Which is why some people don’t think of this as a Christmas carol.
When Isaac Watts wrote this song in 1719, he entitled it “The Messiah’s Coming and Kingdom,” which has the virtue of being accurate, though not very catchy. Over a century later Lowell Mason wrote the music, using Handel’s Messiah as inspiration. The words and music perfectly capture our emotions on Christmas Day:
Joy to the World, the Lord is come!
Let earth receive her King;
Let every heart prepare Him room,
And Heaven and nature sing,
And Heaven and nature sing,
And Heaven, and Heaven, and nature sing.
The second verse calls on nature to “repeat the sounding joy,” while the third verse looks forward to the day when we will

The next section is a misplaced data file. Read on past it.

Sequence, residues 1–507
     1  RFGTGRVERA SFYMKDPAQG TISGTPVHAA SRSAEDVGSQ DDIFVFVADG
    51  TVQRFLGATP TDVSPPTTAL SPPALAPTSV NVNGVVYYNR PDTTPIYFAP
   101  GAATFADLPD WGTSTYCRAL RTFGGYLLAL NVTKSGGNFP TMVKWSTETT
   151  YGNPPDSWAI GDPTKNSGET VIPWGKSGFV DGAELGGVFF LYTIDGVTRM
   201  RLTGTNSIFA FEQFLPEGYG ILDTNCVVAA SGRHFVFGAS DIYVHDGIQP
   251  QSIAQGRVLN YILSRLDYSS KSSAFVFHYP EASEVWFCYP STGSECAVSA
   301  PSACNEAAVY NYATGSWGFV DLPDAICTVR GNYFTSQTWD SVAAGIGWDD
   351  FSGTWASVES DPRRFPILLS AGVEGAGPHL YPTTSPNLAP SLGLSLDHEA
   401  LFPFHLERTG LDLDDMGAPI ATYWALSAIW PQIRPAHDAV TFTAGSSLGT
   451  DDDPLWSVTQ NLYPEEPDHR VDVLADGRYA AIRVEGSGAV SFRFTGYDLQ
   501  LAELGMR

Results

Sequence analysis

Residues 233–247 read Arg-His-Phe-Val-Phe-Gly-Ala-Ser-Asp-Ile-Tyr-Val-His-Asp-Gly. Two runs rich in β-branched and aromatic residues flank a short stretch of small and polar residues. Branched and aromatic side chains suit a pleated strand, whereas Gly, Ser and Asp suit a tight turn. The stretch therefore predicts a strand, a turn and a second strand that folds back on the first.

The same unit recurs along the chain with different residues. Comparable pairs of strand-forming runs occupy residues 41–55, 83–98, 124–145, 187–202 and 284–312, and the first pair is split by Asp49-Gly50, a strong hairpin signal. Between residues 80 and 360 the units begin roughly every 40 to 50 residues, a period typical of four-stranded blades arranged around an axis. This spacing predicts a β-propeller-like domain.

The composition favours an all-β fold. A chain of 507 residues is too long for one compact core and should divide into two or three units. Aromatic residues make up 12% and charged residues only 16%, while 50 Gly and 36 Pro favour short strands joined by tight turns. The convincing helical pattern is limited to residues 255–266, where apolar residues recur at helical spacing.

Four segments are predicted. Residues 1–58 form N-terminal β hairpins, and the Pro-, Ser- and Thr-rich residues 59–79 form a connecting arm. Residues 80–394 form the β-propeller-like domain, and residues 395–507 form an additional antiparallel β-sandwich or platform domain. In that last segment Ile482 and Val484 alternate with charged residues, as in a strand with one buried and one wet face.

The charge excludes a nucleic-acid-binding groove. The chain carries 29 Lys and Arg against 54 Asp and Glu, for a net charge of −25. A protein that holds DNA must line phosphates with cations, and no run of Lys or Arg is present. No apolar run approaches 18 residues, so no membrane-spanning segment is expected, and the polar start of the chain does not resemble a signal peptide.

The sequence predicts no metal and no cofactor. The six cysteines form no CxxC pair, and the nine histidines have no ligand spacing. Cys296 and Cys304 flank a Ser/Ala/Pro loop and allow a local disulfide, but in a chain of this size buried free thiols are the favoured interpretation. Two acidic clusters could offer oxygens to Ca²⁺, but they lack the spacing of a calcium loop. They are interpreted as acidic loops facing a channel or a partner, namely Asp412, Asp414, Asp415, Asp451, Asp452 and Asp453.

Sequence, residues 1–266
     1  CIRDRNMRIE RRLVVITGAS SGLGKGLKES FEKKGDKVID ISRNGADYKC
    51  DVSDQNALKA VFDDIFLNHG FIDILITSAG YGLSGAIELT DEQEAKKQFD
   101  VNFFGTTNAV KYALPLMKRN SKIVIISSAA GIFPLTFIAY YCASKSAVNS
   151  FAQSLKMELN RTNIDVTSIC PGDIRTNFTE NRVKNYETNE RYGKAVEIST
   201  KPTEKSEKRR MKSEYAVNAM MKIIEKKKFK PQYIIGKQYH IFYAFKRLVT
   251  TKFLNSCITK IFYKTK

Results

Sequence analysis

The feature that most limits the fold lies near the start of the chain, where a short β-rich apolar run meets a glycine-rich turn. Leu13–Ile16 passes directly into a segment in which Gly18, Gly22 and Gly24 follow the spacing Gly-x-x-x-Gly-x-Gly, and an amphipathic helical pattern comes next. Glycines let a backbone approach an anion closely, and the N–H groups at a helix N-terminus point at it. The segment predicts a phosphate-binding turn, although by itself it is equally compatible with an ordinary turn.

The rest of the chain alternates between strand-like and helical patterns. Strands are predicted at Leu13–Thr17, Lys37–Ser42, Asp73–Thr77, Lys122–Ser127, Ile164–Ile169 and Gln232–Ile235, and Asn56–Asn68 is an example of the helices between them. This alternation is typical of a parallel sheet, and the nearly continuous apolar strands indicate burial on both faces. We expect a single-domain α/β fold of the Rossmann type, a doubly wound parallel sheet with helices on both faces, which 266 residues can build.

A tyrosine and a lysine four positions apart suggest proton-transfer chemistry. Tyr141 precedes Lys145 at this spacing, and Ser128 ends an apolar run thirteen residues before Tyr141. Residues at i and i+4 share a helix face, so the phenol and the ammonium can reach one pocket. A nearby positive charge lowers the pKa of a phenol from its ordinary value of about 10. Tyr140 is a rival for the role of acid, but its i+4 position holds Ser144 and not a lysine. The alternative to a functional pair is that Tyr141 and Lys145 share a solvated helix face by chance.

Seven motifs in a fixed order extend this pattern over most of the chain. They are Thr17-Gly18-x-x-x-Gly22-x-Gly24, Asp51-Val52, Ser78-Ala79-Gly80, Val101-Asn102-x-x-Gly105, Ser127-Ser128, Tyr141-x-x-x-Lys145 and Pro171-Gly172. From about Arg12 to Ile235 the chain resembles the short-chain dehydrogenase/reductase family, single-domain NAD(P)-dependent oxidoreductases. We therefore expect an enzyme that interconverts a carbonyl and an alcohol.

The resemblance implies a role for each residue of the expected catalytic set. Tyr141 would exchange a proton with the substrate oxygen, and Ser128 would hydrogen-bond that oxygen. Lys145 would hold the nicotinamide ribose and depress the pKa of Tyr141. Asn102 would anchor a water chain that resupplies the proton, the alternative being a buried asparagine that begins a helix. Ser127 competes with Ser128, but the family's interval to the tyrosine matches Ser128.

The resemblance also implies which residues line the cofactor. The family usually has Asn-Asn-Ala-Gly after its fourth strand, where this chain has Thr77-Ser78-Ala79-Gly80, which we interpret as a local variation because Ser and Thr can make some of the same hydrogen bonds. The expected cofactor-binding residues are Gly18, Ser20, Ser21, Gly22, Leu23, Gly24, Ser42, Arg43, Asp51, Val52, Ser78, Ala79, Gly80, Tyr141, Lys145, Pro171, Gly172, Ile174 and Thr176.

“No more let sins and sorrows grow,
Nor thorns infest the ground.”
The final verse triumphantly proclaims that one day his rule and reign will spread over all the earth:
He rules the world with truth and grace,
And makes the nations prove
The glories of His righteousness,
And wonders of His love,
And wonders of His love,
And wonders, wonders, of His love.
Someone has said we need bifocal vision at Christmas so we can look back to Christ’s first coming and look ahead to his second coming. In the meantime, we celebrate the “wonders of his love.”
For our final stop on this Advent journey, let’s listen to an acoustic version of Joy to the World by Steven Curtis Chapman.
Lord Jesus, may we never take for granted the miracle of your birth. May your presence fill our hearts today as we proclaim, “Joy to the World! The Lord is come!” Amen.